In March 2016, the Company acquired all of the outstanding equity securities of Nor-Cal and an affiliated entity as well as certain real estate, in a cash transaction for approximately $67.8 million. Nor-Cal is a distributor with its primary operations located in West Sacramento, California. Our acquisition of Nor-Cal has aided us in our efforts to expand our fresh offering, particularly within conventional produce. Nor-Cal's operations have been combined with the existing Albert's business.

In May 2016, the Company completed its acquisition of all outstanding equity securities of Haddon and certain affiliated entities and real estate for total cash consideration of approximately $217.5 million. Haddon is a distributor and merchandiser of natural and organic and gourmet ethnic products primarily throughout the Eastern United States. Haddon has a history of providing quality high-touch merchandising services to its customers. Haddon has a diverse, multi-channel customer base including conventional supermarkets, gourmet food stores and independently owned product retailers. Our acquisition of Haddon has expanded the product and service offering that we expect to play an important role in our ongoing strategy to build out our gourmet and ethnic product categories. Haddon's operations have been combined with the Company's existing broadline natural, organic and specialty distribution business in the United States.

In August 2016, the Company acquired all of the outstanding equity securities of Gourmet Guru in a cash transaction for approximately $10.0 million. Gourmet Guru is a distributor and merchandiser of fresh and organic food focusing on new and emerging brands. We believe that our acquisition of Gourmet Guru enhances our strength in finding and cultivating emerging fresh and organic brands and further expands our presence in key urban markets. Gourmet Guru's operations have been combined with the Company's existing broadline natural, organic and specialty distribution business in the United States.

The ability to distribute specialty food items (including ethnic, kosher and gourmet products) has accelerated our expansion into a number of high-growth business markets and allowed us to establish immediate market share in the fast-growing specialty foods market. We have now integrated specialty food products and natural and organic specialty non-food products into all of our broadline distribution centers across the United States and Canada. Due to our expansion into specialty foods, over the past several fiscal years we have been awarded new business with a number of conventional supermarkets that we previously had not done business with because we did not distribute specialty products. We believe our acquisition of Haddon has expanded our capabilities in the specialty category and we have expanded our offerings of specialty products to include those products distributed by Haddon that we did not previously distribute to our customers. We believe that distribution of these products enhances our conventional supermarket business channel and that our complementary product lines continue to present opportunities for cross-selling.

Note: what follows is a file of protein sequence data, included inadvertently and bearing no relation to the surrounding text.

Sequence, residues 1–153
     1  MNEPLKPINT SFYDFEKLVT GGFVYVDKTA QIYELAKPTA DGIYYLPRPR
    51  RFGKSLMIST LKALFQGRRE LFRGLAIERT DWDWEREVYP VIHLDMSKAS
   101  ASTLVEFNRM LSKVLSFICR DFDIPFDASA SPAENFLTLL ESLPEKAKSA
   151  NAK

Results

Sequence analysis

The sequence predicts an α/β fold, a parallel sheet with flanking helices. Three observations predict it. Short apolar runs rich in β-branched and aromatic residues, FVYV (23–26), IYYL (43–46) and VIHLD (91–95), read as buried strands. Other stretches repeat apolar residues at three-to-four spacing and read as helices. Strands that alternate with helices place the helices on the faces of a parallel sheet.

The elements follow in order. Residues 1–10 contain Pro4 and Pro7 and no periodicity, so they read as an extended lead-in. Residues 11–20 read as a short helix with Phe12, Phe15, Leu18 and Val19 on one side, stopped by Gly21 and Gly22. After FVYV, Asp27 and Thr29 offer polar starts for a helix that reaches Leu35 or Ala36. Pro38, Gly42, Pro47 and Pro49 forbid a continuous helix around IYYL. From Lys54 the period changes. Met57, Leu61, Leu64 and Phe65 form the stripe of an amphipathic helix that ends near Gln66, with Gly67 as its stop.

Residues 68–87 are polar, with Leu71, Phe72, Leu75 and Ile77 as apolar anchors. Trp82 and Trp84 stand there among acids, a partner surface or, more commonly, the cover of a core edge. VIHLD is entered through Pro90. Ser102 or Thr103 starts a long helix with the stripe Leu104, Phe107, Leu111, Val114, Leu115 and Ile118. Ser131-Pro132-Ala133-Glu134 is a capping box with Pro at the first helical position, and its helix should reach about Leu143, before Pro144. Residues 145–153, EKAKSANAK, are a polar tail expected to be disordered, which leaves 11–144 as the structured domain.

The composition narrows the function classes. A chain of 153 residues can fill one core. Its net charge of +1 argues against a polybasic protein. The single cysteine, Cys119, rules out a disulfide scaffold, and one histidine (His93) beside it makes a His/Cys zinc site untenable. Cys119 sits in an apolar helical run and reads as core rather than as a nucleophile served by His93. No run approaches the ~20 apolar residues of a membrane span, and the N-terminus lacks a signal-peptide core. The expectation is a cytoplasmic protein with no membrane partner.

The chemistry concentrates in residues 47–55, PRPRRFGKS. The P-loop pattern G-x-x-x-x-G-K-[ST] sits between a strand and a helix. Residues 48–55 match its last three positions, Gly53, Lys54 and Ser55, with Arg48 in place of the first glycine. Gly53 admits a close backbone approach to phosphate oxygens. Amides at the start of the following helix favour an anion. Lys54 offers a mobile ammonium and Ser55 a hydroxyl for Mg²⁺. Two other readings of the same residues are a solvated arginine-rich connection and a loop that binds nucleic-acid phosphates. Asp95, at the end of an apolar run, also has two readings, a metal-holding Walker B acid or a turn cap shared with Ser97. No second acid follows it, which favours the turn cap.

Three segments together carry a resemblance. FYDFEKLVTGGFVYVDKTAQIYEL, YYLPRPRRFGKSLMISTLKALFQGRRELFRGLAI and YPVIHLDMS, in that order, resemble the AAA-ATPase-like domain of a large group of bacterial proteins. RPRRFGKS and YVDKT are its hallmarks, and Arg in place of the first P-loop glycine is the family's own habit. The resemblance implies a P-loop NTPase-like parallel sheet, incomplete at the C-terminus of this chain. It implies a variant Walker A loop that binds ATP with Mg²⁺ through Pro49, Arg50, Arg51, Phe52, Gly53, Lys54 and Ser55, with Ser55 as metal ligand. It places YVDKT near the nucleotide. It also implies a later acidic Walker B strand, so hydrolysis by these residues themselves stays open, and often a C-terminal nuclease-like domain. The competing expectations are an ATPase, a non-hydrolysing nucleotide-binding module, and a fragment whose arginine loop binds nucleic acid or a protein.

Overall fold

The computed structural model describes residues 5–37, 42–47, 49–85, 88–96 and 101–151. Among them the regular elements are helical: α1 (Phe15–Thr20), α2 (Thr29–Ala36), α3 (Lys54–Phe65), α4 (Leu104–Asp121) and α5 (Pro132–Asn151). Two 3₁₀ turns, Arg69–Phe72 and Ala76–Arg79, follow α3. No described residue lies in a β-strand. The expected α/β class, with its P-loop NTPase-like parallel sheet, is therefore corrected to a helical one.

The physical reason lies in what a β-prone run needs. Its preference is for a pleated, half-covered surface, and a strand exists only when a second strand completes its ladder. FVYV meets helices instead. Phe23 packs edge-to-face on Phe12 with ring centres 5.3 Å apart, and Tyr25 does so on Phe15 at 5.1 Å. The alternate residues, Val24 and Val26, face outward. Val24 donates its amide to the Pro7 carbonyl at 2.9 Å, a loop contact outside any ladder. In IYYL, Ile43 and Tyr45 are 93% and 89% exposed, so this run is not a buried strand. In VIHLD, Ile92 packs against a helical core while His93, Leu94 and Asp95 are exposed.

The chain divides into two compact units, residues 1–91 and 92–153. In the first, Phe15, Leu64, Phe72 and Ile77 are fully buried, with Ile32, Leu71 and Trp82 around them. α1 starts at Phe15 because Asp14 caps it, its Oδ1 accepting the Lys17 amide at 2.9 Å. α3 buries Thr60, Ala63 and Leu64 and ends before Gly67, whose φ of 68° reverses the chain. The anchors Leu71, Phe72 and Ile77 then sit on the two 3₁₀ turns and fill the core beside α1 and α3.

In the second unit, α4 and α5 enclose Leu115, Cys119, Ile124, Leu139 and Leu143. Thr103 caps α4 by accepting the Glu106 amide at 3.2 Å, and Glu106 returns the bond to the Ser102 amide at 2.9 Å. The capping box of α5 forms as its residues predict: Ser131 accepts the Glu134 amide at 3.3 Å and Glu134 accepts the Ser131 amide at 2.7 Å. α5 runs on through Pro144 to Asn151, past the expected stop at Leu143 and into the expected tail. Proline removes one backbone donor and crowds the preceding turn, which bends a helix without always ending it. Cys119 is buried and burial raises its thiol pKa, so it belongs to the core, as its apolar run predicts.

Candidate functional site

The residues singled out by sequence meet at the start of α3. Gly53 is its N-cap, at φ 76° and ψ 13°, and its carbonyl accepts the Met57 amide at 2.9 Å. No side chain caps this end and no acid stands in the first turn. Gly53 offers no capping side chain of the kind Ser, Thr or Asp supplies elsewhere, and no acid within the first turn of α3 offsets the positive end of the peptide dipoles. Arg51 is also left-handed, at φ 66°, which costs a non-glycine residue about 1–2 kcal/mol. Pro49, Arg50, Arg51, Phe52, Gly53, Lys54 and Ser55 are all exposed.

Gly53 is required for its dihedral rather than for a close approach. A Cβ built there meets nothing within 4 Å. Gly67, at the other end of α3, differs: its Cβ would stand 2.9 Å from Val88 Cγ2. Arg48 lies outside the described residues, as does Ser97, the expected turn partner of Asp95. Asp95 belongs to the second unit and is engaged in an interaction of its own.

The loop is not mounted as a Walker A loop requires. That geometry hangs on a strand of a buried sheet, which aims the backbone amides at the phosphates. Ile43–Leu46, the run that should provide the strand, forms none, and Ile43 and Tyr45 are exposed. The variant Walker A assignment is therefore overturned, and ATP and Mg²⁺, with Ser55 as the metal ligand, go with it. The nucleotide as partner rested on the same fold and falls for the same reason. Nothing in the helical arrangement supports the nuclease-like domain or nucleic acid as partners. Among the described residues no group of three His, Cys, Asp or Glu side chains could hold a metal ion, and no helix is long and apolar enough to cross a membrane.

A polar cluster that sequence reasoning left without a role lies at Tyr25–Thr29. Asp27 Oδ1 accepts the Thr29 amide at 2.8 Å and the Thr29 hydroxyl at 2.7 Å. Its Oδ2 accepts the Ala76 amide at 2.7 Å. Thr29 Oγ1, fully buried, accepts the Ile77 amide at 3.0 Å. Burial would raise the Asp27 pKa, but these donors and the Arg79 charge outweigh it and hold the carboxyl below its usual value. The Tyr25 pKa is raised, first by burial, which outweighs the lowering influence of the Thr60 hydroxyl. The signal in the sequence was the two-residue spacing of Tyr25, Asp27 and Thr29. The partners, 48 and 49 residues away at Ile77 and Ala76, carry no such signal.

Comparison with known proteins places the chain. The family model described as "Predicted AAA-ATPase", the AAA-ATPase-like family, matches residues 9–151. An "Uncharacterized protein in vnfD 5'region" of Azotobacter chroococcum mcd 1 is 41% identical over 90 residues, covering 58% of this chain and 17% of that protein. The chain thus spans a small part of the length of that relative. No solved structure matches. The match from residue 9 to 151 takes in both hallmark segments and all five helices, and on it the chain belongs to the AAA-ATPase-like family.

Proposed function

To maintain our market position and improve our operating efficiencies, we seek to continually:
expand our marketing and customer service programs across regions;
expand our national purchasing opportunities; 
offer a broader product selection than our competitors;
offer operational excellence with high service levels and a higher percentage of on-time deliveries than our competitors;
centralize general and administrative functions to reduce expenses;
consolidate systems applications among physical locations and regions;
increase our investment in people, facilities, equipment and technology;
integrate administrative and accounting functions; and
reduce the geographic overlap between regions.
 
Our continued growth has allowed us to expand our existing facilities and open new facilities in an effort to achieve increasing operating efficiencies. We have made significant capital expenditures and incurred considerable expenses in connection with the opening and expansion of our facilities. As of October 28, 2017, our distribution capacity totaled approximately 8.7 million square feet. We have completed our multi-year expansion plan, which included new distribution centers in Racine, Wisconsin, Hudson Valley, New York, Prescott, Wisconsin, and Gilroy, California from which we began operations in June 2014, September 2014, April 2015 and February 2016, respectively. Based on our current operations and customers, we believe that we are unlikely to open or commence construction on a new distribution center during the remainder of fiscal 2018.
 
Our net sales consist primarily of sales of natural, organic and specialty products to retailers, adjusted for customer volume discounts, returns, and allowances. Net sales also consist of amounts charged by us to customers for shipping and handling and fuel surcharges. The principal components of our cost of sales include the amounts paid to suppliers for product sold, plus the cost of transportation necessary to bring the product to our distribution centers, offset by consideration received from suppliers in

17